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NCJ Number: NCJ 241946     Find in a Library
Title: Association Between Internalizing Symptomology and Risky Behaviors
Journal: Journal of Child & Adolescent Substance Abuse  Volume:22  Issue:1  Dated:January - March 2013  Pages:1 to 24
Author(s): Jonathan G. Perle ; Alison B. Levine ; Anthony P. Odland ; Jessica L. Ketterer ; Megan A. Cannon ; Craig D. Marker
Date Published: 01/2013
Page Count: 24
Document: HTML 
Language: English
Country: United States of America
Annotation: Internalizing symptoms (withdrawn/depressed and anxious/depressed), measured by the Child Behavior Checklist (CBCL), were examined as related to the development of externalizing problems, a pathway to risky behavior.
Abstract: Internalizing symptoms (withdrawn/depressed and anxious/depressed), measured by the Child Behavior Checklist (CBCL), were examined as related to the development of externalizing problems, a pathway to risky behavior. A cross-section of children ages 6 to 15 was drawn from the National Institute of Child Health and Human Development's (NICHD) Study of Early Child Care and Youth Development (SECCYD) longitudinal data set of 1,364 families with full-term, healthy newborns throughout the United States. Internalizing and externalizing scores were determined through mothers' reports on the CBCL. When considered separately and together, internalizing symptoms significantly related to externalizing behaviors, with “anxious/depressed” accounting for the greatest proportion of variance. As age increased, internalizing symptoms accounted for a greater degree of externalizing problem variance. Sex was a significant moderator. Results suggest the utility of identifying and treating internalizing problems early, which may reduce the occurrence of externalizing and risky behaviors such as substance abuse. Abstract published by arrangement with Taylor and Francis.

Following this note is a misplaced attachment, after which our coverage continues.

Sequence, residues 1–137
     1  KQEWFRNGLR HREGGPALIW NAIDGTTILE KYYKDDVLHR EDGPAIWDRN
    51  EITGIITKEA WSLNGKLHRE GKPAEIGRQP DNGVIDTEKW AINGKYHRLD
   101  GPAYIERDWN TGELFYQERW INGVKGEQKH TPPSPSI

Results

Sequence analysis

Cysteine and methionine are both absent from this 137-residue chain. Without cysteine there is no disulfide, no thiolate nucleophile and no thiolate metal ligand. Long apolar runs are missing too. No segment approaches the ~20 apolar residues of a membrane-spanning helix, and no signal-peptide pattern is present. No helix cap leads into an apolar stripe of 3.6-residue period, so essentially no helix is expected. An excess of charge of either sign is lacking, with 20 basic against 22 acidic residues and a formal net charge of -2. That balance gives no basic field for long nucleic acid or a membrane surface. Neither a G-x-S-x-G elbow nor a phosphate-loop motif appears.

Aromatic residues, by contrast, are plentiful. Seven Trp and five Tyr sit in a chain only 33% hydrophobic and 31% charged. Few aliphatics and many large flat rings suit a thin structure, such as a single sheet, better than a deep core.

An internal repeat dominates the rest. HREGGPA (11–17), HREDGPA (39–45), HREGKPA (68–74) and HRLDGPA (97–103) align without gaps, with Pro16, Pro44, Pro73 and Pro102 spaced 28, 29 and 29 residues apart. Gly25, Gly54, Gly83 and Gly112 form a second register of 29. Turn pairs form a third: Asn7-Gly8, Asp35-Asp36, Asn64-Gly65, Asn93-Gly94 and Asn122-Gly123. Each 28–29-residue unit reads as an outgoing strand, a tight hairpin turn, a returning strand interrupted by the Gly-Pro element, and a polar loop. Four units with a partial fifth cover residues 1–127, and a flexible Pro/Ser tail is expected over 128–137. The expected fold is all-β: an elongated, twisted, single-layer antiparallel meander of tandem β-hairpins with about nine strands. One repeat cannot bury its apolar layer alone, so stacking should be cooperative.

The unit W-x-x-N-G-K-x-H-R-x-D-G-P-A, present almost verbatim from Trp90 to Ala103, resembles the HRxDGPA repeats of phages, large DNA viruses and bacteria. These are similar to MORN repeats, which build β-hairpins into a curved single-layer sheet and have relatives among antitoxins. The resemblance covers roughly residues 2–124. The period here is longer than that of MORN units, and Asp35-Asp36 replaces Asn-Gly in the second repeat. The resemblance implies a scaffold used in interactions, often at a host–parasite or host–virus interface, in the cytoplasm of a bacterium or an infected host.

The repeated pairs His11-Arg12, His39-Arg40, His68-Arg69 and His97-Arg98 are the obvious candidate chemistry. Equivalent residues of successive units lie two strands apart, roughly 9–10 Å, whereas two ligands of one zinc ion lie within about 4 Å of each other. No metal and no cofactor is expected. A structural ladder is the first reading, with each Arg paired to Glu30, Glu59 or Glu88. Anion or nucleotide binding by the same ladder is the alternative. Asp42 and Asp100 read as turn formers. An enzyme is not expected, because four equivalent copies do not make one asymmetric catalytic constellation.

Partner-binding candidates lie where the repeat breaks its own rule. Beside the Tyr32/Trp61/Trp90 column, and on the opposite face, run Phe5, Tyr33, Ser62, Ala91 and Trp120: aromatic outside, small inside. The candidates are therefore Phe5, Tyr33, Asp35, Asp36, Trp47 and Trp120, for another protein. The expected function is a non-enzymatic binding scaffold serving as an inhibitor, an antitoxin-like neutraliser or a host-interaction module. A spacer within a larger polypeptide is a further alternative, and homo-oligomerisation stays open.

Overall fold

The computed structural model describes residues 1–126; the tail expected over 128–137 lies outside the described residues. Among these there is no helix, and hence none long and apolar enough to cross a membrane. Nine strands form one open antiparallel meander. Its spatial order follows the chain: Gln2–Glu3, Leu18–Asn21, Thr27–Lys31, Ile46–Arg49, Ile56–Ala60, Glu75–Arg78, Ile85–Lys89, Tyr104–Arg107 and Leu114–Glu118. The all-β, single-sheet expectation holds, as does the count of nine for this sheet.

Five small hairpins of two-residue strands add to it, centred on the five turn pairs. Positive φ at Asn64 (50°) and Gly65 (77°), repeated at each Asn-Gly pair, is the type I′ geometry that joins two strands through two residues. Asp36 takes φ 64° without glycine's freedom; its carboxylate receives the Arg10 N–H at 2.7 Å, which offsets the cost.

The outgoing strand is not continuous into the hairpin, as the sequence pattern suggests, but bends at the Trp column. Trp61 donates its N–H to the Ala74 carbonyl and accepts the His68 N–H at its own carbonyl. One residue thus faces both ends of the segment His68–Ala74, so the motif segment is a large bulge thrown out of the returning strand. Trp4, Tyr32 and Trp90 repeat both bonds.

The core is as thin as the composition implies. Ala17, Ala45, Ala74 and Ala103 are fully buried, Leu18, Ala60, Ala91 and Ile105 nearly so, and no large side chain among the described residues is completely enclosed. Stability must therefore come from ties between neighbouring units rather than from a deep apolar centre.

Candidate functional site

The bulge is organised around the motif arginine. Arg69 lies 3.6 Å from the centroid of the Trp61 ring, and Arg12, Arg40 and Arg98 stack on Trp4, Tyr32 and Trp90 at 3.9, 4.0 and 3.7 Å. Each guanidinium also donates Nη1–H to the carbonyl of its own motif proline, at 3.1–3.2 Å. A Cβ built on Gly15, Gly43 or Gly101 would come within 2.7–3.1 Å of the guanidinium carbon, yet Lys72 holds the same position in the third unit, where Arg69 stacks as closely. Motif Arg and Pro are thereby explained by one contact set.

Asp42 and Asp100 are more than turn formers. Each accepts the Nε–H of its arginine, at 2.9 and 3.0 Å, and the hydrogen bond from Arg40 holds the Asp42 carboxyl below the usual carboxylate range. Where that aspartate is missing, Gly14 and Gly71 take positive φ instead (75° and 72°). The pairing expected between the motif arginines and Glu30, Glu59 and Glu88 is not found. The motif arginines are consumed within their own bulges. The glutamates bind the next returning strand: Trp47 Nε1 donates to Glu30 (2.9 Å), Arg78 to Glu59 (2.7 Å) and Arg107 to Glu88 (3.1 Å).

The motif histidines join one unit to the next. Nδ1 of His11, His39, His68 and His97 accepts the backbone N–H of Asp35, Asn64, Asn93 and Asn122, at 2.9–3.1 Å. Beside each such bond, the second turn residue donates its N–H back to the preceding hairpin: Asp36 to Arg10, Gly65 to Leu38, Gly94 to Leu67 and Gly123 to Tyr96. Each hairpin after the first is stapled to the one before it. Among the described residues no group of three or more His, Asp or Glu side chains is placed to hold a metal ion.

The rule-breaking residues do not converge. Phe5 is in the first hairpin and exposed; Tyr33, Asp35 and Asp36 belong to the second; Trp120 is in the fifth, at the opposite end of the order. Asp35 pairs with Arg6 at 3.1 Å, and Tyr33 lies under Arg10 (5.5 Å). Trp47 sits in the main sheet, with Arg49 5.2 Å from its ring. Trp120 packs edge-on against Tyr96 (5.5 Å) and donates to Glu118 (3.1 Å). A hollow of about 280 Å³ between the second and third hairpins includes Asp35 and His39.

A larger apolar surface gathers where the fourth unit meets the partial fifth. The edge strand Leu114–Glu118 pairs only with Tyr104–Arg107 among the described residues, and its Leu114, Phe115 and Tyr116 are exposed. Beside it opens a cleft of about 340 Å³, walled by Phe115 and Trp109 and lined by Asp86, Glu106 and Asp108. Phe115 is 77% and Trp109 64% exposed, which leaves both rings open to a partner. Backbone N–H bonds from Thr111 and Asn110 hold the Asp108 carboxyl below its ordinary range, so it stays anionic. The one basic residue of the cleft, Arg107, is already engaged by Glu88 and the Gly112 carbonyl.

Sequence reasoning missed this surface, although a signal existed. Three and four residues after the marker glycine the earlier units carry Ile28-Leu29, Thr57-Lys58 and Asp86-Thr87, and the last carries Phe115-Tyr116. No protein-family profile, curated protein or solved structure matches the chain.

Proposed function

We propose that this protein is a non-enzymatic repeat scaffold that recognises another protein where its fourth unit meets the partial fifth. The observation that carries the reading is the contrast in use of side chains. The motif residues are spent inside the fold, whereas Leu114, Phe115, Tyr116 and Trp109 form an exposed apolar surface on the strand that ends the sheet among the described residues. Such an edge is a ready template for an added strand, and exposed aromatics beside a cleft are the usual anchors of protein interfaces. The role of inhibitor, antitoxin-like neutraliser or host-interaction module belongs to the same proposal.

Main Term(s): Youth (Under 15)
Index Term(s): Drug abuse ; Behavioral science research ; Behavior patterns ; Youth development ; Risk taking behavior
   
  To cite this abstract, use the following link:
https://www.ncjrs.gov/App/Publications/abstract.aspx?ID=264108

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